Economy of Tunisia

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Economy of Tunisia
Currency Tunisian dinar (TND)
GDP $48.63 billion Nominal (2014)[1] $124.7 billion PPP (2014) [2]
GDP growth
2.3% (2014)[1] Green Arrow Up.svg
GDP per capita
$4329 (2014)[1]
GDP by sector
agriculture: 11%; industry: 35.3%; services: 53.7% (2009 est.)
6.04% (July 2014)[1]
Population below poverty line
15.5% (2010)[3]
36.1 (2010)[4] Green Arrow Down.svg
Labour force
3.315 million (2013)
Labour force by occupation
agriculture: 18.3%; industry: 31.9%; services: 49.8% (2009 est.)
Unemployment 15.3% (July 2015) Green Arrow Down.svg
Main industries
petroleum, mining (particularly phosphate and iron ore), tourism, textiles, footwear, agribusiness, beverages
Exports $16.75 billion (2014)[1] Red Arrow Down.svg
Export goods
clothing, semi-finished goods and textiles, agricultural products, mechanical goods, phosphates and chemicals, hydrocarbons, electrical equipment
Main export partners
 France 29.7%
 Italy 17.1%
 Germany 11.5%
 Libya 5.4% (2014)[6]
Imports $24.83 billion (2014)[1] Red Arrow Up.svg
Import goods
textiles, machinery and equipment, hydrocarbons, chemicals, foodstuffs
Main import partners
 France 19.9%
 Italy 19.5%
 Germany 7.6%
 China 5.5%
 Spain 5.4%
 Turkey 4.1% (2014)[7]
FDI stock
$31.86 billion (31 December 2009 est.)
$27.86 billion (2014)[8]
Public finances
50.03% of GDP (2014)[1]
Revenues $11.89 billion (2014)
Expenses $13.66 billion (2014)[1]
Foreign reserves
US$7.047 billion (October 2015)[11]

Tunisia is in the process of economic reform and liberalization after decades of heavy state direction and participation in the economy. Prudent economic and fiscal planning have resulted in moderate but sustained growth for over a decade. Tunisia's economic growth historically has depended on oil, phosphates, agri-food products, car parts manufacturing, and tourism. In the World Economic Forum Global Competitiveness Report for 2015-2016, Tunisia ranks in 92nd place.[12] Based on HDI latest report (for 2014), Tunisia ranks 96th globally and 5th in Africa.

The year of 2015 was marked by terrorist attacks in Tunisia which are likely to impact economic growth, especially because of Tourism, one of the main sectors.[13]

Historical trend

Current GDP per capita soared by more than 380% in the Seventies (1970–1980: USD 280–1,369). But this proved unsustainable and it collapsed to a cumulative 10% growth in the turbulent Eighties (1980–1990: USD 1,369–1,507), rising again to almost 50% cumulative growth in the Nineties (1990–2000: USD 1,507–2,245), signifying the impact of successful diversification.[14]

Growing foreign debt and the foreign exchange crisis in the mid-1980s. In 1986, the government launched a structural adjustment program to liberalize prices, reduce tariffs, and reorient Tunisia toward a market economy.

Olive grove in Sfax, Tunisia

Tunisia's economic reform program has been lauded as a model by international financial institutions. The government has liberalized prices, reduced tariffs, lowered debt-service-to-exports and debt-to-GDP ratios, and extended the average maturity of its $10 billion foreign debt. Structural adjustment brought additional lending from the World Bank and other Western creditors. In 1990, Tunisia acceded to the General Agreement on Tariffs and Trade (GATT) and is a member of the World Trade Organization (WTO).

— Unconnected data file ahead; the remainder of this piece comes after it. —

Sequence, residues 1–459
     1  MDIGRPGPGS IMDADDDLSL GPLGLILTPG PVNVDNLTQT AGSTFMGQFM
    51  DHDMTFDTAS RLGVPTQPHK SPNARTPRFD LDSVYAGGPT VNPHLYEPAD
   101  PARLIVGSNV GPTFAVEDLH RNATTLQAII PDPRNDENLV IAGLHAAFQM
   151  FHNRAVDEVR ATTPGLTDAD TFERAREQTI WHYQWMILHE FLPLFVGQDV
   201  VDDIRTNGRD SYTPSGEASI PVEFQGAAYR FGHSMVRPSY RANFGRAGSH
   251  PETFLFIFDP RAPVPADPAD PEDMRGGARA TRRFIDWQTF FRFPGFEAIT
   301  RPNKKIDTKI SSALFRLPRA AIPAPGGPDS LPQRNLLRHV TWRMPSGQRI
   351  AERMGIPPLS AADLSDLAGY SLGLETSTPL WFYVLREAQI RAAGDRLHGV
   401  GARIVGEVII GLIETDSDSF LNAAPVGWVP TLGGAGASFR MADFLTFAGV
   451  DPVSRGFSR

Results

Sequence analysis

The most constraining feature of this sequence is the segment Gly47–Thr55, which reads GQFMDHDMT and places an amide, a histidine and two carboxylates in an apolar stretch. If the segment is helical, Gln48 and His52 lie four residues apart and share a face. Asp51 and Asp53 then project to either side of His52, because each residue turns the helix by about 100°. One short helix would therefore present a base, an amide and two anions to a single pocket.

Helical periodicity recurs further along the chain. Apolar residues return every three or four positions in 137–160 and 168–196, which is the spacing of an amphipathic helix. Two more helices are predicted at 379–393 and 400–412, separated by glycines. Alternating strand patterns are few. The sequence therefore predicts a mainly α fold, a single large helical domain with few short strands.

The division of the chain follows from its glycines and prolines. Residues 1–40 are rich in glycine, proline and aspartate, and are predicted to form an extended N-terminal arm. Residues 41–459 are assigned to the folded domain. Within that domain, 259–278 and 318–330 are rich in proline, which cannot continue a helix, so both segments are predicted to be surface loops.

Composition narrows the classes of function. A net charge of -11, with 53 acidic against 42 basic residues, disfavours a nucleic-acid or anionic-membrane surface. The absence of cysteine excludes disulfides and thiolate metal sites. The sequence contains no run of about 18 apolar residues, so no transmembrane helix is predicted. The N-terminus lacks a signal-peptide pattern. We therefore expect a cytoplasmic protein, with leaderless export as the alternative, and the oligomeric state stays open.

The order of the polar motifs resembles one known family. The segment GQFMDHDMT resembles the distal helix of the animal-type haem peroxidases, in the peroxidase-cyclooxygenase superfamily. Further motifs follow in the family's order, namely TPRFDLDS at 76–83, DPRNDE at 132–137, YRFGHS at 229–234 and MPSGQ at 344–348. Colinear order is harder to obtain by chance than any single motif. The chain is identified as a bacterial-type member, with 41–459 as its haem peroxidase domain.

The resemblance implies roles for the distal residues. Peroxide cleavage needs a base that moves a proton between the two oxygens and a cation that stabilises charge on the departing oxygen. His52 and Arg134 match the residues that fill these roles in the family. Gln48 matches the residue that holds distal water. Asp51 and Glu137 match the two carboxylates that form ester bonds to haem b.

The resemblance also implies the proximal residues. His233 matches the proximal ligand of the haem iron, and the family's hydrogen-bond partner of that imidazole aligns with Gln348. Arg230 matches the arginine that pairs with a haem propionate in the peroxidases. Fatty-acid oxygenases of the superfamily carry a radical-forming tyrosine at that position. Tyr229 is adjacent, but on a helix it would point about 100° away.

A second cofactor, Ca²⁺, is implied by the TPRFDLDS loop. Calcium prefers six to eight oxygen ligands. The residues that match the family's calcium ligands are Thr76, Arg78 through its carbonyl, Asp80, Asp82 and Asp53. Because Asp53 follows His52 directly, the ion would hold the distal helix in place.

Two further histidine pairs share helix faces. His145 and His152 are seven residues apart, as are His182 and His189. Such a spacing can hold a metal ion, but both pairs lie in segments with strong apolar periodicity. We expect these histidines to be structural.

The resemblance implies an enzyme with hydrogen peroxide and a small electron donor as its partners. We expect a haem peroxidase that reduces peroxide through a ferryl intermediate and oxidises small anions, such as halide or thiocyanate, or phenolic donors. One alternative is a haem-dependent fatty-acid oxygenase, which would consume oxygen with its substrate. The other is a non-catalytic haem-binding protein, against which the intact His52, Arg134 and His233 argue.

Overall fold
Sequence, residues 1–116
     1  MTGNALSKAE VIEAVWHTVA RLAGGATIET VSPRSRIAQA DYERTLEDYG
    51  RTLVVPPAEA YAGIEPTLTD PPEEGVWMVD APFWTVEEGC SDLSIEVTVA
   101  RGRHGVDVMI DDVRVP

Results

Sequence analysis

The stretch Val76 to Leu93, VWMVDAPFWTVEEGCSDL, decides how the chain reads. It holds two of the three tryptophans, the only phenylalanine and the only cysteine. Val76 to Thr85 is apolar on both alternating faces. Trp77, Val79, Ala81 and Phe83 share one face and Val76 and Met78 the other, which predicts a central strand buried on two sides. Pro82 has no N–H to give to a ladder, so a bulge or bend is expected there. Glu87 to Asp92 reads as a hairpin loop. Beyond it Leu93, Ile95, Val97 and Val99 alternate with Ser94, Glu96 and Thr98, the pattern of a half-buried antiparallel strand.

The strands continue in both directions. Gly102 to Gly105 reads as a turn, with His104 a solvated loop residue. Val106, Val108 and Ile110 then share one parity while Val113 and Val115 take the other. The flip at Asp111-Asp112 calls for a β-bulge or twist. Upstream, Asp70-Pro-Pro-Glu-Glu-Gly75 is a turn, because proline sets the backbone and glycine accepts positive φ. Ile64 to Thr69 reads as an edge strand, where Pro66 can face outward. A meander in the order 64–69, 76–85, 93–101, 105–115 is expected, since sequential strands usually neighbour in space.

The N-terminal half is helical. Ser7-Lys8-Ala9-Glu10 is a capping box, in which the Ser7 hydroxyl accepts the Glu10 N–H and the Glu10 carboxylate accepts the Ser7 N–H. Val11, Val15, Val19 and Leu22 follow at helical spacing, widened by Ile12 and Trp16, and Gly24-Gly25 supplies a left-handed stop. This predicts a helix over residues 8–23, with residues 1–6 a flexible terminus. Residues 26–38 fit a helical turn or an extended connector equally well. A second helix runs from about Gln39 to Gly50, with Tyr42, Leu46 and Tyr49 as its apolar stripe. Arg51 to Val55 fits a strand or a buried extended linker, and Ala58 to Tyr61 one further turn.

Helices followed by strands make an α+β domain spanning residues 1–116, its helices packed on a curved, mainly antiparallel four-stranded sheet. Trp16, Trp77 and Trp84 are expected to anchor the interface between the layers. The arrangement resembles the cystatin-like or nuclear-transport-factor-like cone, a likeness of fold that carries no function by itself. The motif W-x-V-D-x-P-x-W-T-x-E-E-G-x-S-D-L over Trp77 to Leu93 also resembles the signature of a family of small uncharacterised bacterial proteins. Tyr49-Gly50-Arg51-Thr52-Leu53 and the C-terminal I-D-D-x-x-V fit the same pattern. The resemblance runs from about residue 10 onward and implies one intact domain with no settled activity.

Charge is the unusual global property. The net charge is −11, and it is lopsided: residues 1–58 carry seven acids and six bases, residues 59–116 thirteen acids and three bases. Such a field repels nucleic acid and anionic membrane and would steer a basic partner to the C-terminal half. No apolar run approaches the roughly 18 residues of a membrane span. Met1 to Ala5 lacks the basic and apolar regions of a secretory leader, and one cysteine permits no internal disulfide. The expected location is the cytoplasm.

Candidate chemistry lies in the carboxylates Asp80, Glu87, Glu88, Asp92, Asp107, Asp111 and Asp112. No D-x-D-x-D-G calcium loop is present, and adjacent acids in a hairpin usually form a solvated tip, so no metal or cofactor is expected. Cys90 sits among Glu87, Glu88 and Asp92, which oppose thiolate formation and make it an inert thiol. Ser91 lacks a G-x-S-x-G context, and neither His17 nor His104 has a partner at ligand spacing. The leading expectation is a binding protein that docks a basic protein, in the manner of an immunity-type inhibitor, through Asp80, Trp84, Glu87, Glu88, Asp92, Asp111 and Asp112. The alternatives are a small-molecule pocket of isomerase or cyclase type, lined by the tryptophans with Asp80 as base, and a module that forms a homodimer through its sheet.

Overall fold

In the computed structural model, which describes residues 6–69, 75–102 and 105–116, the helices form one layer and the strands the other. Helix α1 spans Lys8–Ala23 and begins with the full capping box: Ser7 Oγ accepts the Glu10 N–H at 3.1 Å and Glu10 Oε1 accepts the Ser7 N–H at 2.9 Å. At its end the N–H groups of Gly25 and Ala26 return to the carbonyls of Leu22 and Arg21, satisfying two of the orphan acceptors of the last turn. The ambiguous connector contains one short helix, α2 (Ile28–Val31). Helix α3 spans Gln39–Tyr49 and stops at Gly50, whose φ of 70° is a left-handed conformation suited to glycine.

In 1996 Tunisia entered into an "Association Agreement" with the European Union (EU) which removes tariff and other trade barriers on most goods by 2008. In conjunction with the Association Agreement, the EU is assisting the Tunisian government's Mise A Niveau (upgrading) program to enhance the productivity of Tunisian businesses and prepare for competition in the global marketplace.

The government has totally or partially privatized around 160 state-owned enterprises since the privatization program was launched in 1987. Although the program is supported by the GATT, the government has had to move carefully to avoid mass firings. Unemployment continues to plague Tunisia's economy and is aggravated by a rapidly growing work force. An estimated 55% of the population is under the age of 25. Officially, 15.2% of the Tunisian work force is unemployed.

In 2011, after the Arab Spring, the economy slumped but then recovered with a 2.81% GDP growth in 2014. However, unemployment is still one of the major issues with 15.2% of the labor force unemployed as of the first quarter of 2014. Tunisia’s political transition gained new momentum in early 2014, with the resolution of a political deadlock, the adoption of a new Constitution and the appointment of a new government. The national dialogue platform, brokered by key civil society organizations, played a crucial role in gathering all major political parties. This consensus will allow for further reform in the economy and public sector.

In 2015, the Bardo National Museum attack led to the collapse of the third largest sector of Tunisia's economy,[15] tourism. Tunisian tourist workers in Tunis have said that "tourism is dead, it is completely dead" expressing the severe drop in tourism after the attack.[16]

External trade and investment

Tunisian exports in 2006